The following films were created from 100 inteviews with heritage ‘ stakeholders’s in Amman and Damascus in 2009-10 for an ESRC-funded research project examining the colonial modernities of the two cities. Each film covers a different theme of the relationship between cultural identity and heritage tourism and is edited using a different filmic style in order to examine how the way we produce knowledge affects the knowledge that is produced. In this way I aimed to show how filmmaking as a form of ethnography can help us do the following:
1. Reflect back on our research methods as researchers and how the methods we choose influence the knowledge we produce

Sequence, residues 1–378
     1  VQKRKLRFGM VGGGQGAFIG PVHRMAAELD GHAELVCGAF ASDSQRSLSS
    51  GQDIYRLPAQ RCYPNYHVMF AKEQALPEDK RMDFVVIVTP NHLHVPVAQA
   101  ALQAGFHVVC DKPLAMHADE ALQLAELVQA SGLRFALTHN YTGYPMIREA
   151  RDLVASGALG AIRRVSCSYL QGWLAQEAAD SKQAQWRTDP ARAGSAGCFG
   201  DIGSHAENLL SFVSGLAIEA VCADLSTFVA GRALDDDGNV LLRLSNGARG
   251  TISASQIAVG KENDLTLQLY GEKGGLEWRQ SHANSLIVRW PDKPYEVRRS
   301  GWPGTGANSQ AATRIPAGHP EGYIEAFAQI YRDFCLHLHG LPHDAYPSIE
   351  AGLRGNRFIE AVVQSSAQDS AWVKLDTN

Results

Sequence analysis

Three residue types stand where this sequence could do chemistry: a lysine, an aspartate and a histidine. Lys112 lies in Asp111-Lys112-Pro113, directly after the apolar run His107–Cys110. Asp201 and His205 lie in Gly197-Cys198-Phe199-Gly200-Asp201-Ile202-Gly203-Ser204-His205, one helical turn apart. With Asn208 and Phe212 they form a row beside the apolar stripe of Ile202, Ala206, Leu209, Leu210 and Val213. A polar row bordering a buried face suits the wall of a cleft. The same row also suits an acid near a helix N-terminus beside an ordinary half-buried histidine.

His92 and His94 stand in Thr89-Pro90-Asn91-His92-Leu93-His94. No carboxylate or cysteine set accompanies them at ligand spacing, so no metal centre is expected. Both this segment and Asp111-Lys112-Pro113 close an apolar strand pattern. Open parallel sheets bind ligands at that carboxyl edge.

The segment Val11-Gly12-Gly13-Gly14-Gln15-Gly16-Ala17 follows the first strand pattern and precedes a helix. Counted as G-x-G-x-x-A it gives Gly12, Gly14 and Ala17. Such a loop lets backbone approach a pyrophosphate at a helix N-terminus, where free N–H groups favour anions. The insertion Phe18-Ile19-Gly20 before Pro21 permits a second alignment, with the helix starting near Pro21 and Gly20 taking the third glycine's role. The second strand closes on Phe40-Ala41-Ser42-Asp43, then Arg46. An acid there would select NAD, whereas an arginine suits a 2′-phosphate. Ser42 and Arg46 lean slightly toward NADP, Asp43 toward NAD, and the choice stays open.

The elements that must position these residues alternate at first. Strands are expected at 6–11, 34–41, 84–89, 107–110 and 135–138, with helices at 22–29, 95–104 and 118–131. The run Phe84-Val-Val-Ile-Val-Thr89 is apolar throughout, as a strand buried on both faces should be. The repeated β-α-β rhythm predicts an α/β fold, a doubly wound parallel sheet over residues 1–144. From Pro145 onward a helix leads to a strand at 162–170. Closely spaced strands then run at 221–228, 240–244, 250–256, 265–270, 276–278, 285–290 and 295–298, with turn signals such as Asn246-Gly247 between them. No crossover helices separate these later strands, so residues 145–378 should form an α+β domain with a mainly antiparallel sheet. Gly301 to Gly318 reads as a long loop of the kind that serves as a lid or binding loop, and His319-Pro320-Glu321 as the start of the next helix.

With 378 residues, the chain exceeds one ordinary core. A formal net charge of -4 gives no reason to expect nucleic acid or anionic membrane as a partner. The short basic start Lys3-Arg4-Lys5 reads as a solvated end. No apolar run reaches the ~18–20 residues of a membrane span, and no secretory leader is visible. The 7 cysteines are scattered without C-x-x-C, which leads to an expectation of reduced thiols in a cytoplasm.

2. Interrogate the mechanisms of representation within contemporary heritage discourse from the position of the knowledge producer and the intended audience.
I. Amman – The linear format. Interview footage – including medium close-up shots of authority figures in offices – is intercut with shots of the urban landscape in question. ‘Cutaways’ are used to support or contradict verbal statements. Viewers are given the position of judge in that they feel they have been given access to all the main issues so they can come to a conclusion. This positionality encourages the viewer to identify with the expert, whose location (office) is separated from the subject (heritage). The ‘authorative’ perspective is somewhat destabilised by the omission of a voiceover.